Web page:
A thud came from the drop ceiling above Lance’s head. Continue reading
By Margaret Kramar
“What was that?”
Lydia bolted up in bed, hearing the music again: tinny, distant, like Big Band music from the 1920s played in a darkened theatre. A radio maybe, but now it completely faded out. She strained to hear it. Nothing.
“Did you hear it?” Her husband didn’t answer, just breathed in measured cadences. He always seemed to be asleep when she heard it. But she knew that if Steve weren’t asleep, it wouldn’t have played. She sighed and nestled down into the covers, relaxing into his warmth, snuggling into the bedroom of the old farmhouse encircled by tall pines that reached way up into the heavens. Even in the darkness, the enchantment of these old green wizards was palpable.
Before they moved in, Lydia and Steve had rounded the curve of the road many times, hardly noticing the farmstead. It was only when Steve accepted the caretaker job for the summer camp on the grounds that they penetrated the interior. Following the path of the gravel driveway, a vast panorama opened up to them: verdant meadows, shining ponds, and tall gnarled oaks leaning together, whispering and murmuring their arcane secrets of old.
One building stood out alone from the others, silent in the moaning wind. The chicken house.
“We’re not getting chickens,” Steve read her mind. Continue reading
By Jeroen van Honk
There must have been someone, somewhere, sometime, who said that everything happens for a reason. Led by the hand of this convenient adage, and by the siren calls of invisible angels who trumpet my destiny, I will now scale the faithful stairs of the Alcázar de los Reyes Cristianos at the fringes of the Unescoed heart of the ancient city of Córdoba. Made of large stone slabs, the Alcázar housed the Christian Kings, Isabel de Castile and Fernando de Aragon, after they drove the Moors out of their once-famed capital. What is left now is a calculated ruin, showing just enough grandeur to inspire awe and just too little to anchor the place in a tangible, imaginable version of history. The walls are still standing and the gardens stretch out endlessly. This contrast of grey and green emanates a certain simplicity here, bringing everything back to basics. Here, it is as if the human race once and for all is pitted against nature. From the grounds there is one spiral staircase, with tall, uneven steps, leading you up to enjoy the ultimate vista of the place.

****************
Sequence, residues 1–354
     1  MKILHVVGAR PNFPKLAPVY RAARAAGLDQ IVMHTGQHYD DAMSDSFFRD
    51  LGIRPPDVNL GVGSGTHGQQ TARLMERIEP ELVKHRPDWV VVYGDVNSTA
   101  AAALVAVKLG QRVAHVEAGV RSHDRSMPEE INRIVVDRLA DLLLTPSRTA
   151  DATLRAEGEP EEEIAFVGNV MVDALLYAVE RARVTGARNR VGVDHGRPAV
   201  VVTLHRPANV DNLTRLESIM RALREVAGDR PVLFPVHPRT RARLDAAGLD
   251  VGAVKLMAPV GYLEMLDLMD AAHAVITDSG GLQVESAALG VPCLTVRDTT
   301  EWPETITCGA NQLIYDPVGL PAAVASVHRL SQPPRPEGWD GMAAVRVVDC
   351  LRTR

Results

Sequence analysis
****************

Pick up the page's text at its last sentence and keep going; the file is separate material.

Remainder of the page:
Though unimaginable, since it is now a major tourist showcase, it is said that those who scale these steps can never again return to terra firma. At the foot of the steps there is only the insignificant warning sign stating that no more than ten people at a time are allowed to go up. At the same time it is impossible to know how many have gone before or how many are walking around up there. Never has anybody been seen to descend the stairs, though there are tourists who claim to have done it. They show pictures of the gardens taken from an aerial point of view. These don’t prove anything, however. As the legend grew, it has become a popular tourist pastime to put their cameras on self-timer and throw them in the air, or tie them to long, wooden poles. It’s a fascinating amalgamation of the decadently touristic with a fatalistic old-world curse.